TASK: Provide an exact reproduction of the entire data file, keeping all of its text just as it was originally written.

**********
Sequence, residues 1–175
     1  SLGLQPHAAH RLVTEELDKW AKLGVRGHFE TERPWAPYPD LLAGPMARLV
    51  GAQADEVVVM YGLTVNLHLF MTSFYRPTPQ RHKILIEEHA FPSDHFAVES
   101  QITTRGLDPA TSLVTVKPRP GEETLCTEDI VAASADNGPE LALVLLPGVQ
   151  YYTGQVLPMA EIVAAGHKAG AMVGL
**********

Sequence, residues 1–175
     1  SLGLQPHAAH RLVTEELDKW AKLGVRGHFE TERPWAPYPD LLAGPMARLV
    51  GAQADEVVVM YGLTVNLHLF MTSFYRPTPQ RHKILIEEHA FPSDHFAVES
   101  QITTRGLDPA TSLVTVKPRP GEETLCTEDI VAASADNGPE LALVLLPGVQ
   151  YYTGQVLPMA EIVAAGHKAG AMVGL